May an insurance company sue the defense firm that it hired where it alleges that the defense firm did not meet the standard of care? In Florida, according to Arch Insurance Company v. Kubicki Draper, 4-D17-2889, the insurance company may not file suit because it lacks privity with the law firm. The insurance company alleged that it hired the firm to defend a case for one of its insureds. The law firm allegedly failed to raise the statute of limitations defense, which caused the insurance company to incur a loss.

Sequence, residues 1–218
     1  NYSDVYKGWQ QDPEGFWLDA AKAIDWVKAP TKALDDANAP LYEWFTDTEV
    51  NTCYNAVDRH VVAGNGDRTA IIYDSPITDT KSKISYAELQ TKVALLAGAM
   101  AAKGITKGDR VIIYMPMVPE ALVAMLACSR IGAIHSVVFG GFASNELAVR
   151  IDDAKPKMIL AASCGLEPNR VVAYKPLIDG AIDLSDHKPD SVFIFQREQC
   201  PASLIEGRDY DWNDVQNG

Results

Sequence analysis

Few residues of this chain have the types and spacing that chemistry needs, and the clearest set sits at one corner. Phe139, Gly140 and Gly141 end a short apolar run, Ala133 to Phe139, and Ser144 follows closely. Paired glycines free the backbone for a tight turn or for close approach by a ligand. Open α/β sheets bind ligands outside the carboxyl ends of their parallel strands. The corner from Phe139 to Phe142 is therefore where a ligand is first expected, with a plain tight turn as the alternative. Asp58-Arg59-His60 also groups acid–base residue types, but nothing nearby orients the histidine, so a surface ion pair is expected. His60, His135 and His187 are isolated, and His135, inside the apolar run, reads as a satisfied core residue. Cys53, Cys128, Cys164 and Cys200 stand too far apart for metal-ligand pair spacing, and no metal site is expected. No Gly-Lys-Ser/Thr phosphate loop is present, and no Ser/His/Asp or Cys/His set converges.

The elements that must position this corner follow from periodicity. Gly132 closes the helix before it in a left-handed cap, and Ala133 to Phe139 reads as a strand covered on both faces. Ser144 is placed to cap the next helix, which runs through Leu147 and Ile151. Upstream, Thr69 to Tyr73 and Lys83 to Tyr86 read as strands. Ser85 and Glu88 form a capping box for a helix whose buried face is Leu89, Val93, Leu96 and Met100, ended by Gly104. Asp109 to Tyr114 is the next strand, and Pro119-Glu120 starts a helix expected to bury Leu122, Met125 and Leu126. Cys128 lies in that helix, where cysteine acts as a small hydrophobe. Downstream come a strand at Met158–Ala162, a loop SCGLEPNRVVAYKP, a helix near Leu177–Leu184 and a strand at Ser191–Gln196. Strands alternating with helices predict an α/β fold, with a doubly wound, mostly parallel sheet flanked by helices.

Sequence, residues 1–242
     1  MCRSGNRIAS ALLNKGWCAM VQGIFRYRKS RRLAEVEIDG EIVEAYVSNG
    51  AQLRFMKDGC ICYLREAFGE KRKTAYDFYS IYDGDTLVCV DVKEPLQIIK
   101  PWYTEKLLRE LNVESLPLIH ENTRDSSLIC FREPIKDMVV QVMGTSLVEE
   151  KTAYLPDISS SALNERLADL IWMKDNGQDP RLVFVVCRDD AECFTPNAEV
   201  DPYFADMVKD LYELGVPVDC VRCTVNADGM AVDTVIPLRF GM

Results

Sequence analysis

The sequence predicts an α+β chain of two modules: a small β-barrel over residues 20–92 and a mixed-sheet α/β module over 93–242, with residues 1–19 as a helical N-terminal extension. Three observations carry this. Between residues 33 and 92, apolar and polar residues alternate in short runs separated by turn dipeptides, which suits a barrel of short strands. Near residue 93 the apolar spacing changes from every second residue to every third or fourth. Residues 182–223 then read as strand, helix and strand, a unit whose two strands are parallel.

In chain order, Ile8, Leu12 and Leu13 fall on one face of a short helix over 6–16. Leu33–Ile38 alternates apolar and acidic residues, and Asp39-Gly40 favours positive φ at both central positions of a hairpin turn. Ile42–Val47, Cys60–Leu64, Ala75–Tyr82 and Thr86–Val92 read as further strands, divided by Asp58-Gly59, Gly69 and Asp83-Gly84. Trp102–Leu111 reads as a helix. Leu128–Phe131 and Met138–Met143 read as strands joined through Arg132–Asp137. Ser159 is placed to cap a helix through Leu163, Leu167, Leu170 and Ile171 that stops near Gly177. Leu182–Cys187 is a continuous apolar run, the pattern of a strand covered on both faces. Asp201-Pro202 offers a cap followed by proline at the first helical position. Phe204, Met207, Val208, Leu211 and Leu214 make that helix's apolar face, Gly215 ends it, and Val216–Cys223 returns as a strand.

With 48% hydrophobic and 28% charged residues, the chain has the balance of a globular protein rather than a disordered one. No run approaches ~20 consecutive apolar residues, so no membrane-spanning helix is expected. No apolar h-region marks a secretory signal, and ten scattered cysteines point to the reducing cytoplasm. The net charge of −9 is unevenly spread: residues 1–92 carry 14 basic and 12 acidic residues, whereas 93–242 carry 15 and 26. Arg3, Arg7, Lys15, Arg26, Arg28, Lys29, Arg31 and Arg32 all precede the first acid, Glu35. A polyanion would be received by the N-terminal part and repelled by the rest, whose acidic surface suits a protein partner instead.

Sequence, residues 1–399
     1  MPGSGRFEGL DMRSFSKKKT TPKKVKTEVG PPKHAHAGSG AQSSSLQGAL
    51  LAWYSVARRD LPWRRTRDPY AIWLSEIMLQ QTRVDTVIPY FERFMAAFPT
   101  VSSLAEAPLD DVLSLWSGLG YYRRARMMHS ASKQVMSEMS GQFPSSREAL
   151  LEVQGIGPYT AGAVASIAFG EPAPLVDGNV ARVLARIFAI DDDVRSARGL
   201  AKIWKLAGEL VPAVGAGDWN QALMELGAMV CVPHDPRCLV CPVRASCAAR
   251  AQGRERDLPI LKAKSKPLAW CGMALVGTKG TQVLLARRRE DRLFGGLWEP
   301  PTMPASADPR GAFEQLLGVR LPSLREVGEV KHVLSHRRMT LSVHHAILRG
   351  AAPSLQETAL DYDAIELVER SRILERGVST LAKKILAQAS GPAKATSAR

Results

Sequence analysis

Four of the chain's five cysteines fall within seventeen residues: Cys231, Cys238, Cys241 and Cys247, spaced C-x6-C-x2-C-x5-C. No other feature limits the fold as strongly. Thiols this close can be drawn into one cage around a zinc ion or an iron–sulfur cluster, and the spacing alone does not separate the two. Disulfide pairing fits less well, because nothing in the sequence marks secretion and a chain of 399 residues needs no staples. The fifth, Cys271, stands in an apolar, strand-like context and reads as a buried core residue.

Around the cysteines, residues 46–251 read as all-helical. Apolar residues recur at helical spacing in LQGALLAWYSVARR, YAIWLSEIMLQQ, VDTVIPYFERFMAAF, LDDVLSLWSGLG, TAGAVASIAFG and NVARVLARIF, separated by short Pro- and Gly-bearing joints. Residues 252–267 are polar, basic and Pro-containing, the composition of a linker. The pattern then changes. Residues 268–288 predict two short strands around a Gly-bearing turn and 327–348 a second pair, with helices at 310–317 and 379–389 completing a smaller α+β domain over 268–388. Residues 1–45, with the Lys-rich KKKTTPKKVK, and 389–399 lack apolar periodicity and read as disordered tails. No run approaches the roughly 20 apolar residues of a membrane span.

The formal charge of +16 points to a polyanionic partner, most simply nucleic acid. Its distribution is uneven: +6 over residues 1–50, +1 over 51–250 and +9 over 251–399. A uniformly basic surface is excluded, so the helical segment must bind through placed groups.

The privity defense holds that a plaintiff cannot sue a defendant unless he was “in privity” with that defendant. Here, even though the insurance company hired the law firm to defend its insured, there was no privity because the law firm was responsible only to its client, the insured. The court rejected the insurance company’s public policy arguments:
The insurer nevertheless argues public policy and common sense dictate that an insurer should be able to pursue legal malpractice claims against defense counsel retained to represent its insureds. According to the insurer: